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McDonald's (NYSE: MCD ) is one company that seems almost recession-proof. Even the economic slowdown has failed to take a meaningful bite out of its earnings. Let's delve into its secrets.
Numbers growing from strength to strength
Top-line and bottom-line numbers increased 14% to $7.2 billion and 8.6% to $1.5 billion, respectively, over the year-ago third quarter. The big drivers of McDonalds' growth have been strong same-store sales, up 5%, and its successful expansion in China.
McDonald's has been eyeing the emerging markets, Russia and China in particular. Its entry into Russia was like discovering a treasure trove. The country's burgeoning middle class has lots to offer to this fast-food giant. The company's global same-store sales rose 5.5% in October, heavily influenced by this emerging market growth.
In China, Mickey D's faces some heavy competition from 4,000 Yum! Brands' (NYSE: YUM ) KFC and Pizza Hut outlets. Fellow American companies Starbucks (Nasdaq: SBUX ) and Dunkin' Brands (Nasdaq: DNKN ) are also foraying into these markets to take advantage of its massive population and rising income levels. However, McDonald's is taking the proverbial bull by the horns here. It has plans to add 700 outlets by 2013 to its already existing 1,300. In fact, McDonald's is getting into franchising with local players to understand and adapt to Chinese taste buds. It is also renovating stores for a better customer experience. But McDonald's has more to offer than a tasty menu.
Few companies have a consistent history like McDonald's. It not only has an unfailing record of paying quarterly dividends, but it also raised dividends every year since its inception. It recently raised its quarterly dividend by 15%. Peers like Yum! Brands and Brinker International (NYSE: EAT ) also announced dividend increases. But McDonald's dividend growth of 27.5% over the last five years is impressive.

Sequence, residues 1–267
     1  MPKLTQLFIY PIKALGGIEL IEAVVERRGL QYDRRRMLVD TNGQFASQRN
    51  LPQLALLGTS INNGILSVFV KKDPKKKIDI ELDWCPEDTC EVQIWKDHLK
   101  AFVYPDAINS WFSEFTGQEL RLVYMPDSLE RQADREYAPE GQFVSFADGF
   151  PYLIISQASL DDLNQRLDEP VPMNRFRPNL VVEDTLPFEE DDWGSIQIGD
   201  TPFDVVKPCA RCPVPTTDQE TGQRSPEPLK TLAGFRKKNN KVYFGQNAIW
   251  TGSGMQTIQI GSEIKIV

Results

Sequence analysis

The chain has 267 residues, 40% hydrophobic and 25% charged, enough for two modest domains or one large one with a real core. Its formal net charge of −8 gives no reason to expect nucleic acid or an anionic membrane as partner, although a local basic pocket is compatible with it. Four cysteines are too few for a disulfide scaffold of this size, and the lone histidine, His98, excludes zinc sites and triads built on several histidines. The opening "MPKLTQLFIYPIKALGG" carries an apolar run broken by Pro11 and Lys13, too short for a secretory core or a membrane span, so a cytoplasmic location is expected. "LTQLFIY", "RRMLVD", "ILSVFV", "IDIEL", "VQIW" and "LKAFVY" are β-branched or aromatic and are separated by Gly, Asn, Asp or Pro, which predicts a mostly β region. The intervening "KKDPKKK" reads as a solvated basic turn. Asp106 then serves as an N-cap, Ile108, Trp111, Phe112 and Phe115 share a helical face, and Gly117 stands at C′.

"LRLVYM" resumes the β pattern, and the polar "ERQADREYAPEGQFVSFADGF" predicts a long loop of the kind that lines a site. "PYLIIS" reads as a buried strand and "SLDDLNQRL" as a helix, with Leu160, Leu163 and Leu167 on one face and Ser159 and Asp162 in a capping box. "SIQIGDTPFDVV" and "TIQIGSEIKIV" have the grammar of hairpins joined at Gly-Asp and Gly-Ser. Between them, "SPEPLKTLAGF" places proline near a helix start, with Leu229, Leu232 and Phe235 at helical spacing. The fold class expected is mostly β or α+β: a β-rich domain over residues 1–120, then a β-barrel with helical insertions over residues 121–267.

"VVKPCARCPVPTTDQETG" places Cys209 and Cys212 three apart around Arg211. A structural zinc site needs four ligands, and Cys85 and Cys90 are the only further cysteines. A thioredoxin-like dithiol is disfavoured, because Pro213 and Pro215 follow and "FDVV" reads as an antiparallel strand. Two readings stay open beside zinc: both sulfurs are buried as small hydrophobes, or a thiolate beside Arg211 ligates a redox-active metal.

What's the secret?
One large reason behind its success is actually pretty simple. McDonald's has the ability to see the world through others' eyes and identify their culture, needs, tastes, and preferences. The company keeps molding its menu across regions. These moves make the restaurants locally relevant. Be it the Big Mac in U.S., McAloo Tikki in India, or Samurai Pork Burger in Thailand, McDonald's always generates local interest. Prices are also kept reasonable to cater to a wide range of customers.
But is the stock cheap enough to include it in one's portfolio and be part of its success?
A comparative picture
I would like to take a look at the following two metrics to check if the stock is reasonably priced when compared to its peers.
|Panera Bread (Nasdaq: PNRA )||27.7||23.4|
|Wendy's (NYSE: WEN )||NM*||26.8|
Source: S&P Capital IQ. *Negative earnings.
The restaurant industry in general is trading at a higher valuation than the rest of the market. It's mainly because food retailers are posting strong results in a tough economy. McDonald's overall is still cheaper than its peers. Paying these kinds of multiples for a stock like McDonald's is quite reasonable.
The Foolish bottom line
McDonald's leaves no opportunity to delight its customers and shareholders on the table. Let's not kid ourselves -- it may not provide the best of food and awesome chefs, but it is consistent with what it does, be it the rising revenues or the delicious dividend. It consistently thinks outside the box, experiments, fails, and learns from it. So you need not be the best to be the best. You simply need to be McDonald's.
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